Simple Circuit Provides Adjustable CAN-Level Differential-Output Signal
By Darwin Tolentino
The controller area network (CAN) serial-bus topology allows devices and microcontrollers to communicate with each other without the use of a host computer. Featuring arbitration-free transmission, it places a controller and a host processor at each device node, eliminating the more complex wiring harness that would be necessary to interconnect devices with a host computer.
By using the signals on CANH and CANL wires, the CAN bus has two states: recessive and dominant (Figure 1). The bus is in the dominant state if the differential voltage is greater than 0.9 V and in the recessive state if it is less than 0.5 V. CAN transceivers, such as the ADM3051 , interface the CAN controller to the physical layer bus.
A CAN transceiver can be characterized using automated test equipment (ATE) or dc signals on a bench. The circuit shown in Figure 2 uses a square wave signal from a function generator to provide adjustable CAN signals to a transceiver. The AD8138 high speed differential amplifier was chosen for its wide bandwidth and low distortion. A dc level shifter at the output enables the differential level of the output signals to be adjusted while maintaining their peak-to-peak levels. The amplitude and frequency are adjusted via the signal generator.
Operating from a single 5-V supply, the circuit is configured as a unity-gain single-ended-to-differential amplifier with common mode set at midsupply. R1, R2, and R3 form the dc biasing circuit that scales the output signals to CAN levels. By keeping R4 and R5 small compared to R2, the potentiometer conveniently adjusts the difference between the two output signals without significantly affecting their individual amplitudes, providing a CAN signal with a variable common-mode level to the DUT. Because R1 and R3 are equal, the ac common mode of the outputs is also unaffected when adjusting R2. Together with R2, R4 and R5 form part of the voltage divider at the output of the AD8138 amplifier. The smallest possible values are chosen for R4 and R5 to minimize the attenuation at the output and the effect of adjusting R2 on the peak-to-peak level of each output. If R2 is shorted, R4 and R5 will also provide the minimum load to protect the amplifier’s output. Capacitors C1 and C2 isolate the dc bias from the amplifier’s output common mode. These capacitors also form a high-pass filter with the resistor bias network; its cutoff frequency is:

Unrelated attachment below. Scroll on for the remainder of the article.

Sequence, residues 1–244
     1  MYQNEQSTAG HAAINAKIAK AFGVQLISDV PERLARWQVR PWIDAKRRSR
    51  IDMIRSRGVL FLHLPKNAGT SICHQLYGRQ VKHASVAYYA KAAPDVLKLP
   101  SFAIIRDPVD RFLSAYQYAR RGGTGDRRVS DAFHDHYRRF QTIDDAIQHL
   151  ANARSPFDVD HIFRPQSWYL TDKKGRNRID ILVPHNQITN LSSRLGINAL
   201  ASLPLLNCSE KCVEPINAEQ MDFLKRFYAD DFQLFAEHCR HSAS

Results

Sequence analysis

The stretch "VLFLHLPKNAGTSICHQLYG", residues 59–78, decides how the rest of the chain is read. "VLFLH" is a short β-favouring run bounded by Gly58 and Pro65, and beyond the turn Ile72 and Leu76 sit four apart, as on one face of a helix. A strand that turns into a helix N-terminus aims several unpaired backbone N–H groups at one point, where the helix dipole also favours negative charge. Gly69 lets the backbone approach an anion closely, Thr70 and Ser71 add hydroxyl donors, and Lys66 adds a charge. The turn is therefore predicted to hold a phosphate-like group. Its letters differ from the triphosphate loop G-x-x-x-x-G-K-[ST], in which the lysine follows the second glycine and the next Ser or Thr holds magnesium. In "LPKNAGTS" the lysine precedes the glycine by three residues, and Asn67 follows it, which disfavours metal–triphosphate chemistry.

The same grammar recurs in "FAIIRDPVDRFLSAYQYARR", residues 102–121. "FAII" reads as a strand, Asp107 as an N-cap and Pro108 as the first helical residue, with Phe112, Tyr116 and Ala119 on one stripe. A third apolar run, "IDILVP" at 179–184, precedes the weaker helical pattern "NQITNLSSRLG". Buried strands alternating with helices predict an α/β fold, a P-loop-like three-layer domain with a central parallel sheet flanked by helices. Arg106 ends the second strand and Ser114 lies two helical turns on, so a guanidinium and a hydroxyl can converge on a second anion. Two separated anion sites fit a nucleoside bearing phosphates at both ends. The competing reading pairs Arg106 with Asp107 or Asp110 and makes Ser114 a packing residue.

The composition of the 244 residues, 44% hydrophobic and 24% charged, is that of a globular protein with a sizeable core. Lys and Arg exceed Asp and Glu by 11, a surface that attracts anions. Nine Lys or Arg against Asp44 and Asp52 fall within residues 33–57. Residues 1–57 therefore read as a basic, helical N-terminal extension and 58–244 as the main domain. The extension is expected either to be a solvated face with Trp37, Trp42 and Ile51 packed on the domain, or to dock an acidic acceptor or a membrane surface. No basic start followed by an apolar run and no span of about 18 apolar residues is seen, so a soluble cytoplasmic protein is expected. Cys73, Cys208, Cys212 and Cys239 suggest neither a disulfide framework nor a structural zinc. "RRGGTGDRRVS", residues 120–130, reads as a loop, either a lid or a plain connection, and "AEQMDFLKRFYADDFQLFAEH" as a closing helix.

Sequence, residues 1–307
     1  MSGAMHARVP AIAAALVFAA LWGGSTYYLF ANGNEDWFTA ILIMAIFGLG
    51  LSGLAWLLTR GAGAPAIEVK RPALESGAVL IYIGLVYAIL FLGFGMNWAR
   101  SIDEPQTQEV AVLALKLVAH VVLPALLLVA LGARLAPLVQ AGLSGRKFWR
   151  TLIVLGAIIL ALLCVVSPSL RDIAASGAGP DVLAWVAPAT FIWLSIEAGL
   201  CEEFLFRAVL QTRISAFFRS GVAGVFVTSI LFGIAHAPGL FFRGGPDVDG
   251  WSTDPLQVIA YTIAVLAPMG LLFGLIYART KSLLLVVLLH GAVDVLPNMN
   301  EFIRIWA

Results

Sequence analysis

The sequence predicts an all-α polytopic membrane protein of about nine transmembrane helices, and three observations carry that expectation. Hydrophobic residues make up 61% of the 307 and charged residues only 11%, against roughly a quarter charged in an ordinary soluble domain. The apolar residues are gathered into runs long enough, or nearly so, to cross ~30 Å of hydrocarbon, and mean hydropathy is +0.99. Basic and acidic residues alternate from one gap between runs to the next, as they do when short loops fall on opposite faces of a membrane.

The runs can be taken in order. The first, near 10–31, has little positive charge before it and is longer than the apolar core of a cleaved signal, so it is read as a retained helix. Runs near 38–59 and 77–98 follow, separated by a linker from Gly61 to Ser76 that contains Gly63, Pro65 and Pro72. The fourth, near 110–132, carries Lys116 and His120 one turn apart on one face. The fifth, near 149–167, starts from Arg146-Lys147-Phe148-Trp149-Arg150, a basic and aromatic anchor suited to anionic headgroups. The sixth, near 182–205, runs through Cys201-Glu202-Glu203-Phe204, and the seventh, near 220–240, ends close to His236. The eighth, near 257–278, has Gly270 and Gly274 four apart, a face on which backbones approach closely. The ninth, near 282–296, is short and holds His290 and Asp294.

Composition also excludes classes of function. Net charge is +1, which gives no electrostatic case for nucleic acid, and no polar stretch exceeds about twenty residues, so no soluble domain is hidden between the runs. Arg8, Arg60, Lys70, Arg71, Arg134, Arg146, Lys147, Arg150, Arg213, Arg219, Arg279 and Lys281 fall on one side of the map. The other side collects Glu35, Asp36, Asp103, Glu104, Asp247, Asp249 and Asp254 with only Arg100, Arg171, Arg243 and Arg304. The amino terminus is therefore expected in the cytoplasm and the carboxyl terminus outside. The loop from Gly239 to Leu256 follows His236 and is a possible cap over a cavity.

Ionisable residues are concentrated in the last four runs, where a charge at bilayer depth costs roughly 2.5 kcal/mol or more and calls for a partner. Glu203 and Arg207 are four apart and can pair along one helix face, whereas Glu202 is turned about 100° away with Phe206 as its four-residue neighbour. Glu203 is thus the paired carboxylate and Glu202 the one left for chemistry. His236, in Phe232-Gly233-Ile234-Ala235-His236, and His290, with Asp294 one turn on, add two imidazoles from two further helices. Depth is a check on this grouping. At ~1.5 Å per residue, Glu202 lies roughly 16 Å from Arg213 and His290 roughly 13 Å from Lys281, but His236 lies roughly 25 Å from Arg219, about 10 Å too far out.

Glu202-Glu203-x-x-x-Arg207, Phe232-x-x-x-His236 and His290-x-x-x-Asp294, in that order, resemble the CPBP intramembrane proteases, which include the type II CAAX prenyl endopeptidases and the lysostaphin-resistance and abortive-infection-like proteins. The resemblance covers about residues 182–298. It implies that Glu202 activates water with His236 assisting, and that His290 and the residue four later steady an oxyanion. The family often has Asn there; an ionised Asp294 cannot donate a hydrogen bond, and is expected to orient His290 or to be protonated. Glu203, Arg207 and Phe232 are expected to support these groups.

where C = C1 = C2, and RL is the load or DUT input resistance, typically around 20 kΩ to 30 kΩ.
To avoid distorting the square wave output signals, C1 and C2 should be chosen as large as possible so that the input signal frequency is 10 times the worst-case cutoff frequency, where R2||RL is at minimum. For example, to achieve VCANH and VCANL signals with the levels shown in Figure 3(a), R2 must be a minimum of 700 Ω, assuming no output (DUT) loading effect. A 0.1 µF or 1 µF coupling capacitor can accommodate a 1-MHz signal. Figure 3(b) demonstrates how R2 adjusts the differential output levels.
Using these output signals as VCANH and VCANL inputs to a transceiver enables bench scope measurements to characterize receiver parameters such as propagation delay, rise time, and thresholds on desired frequencies.
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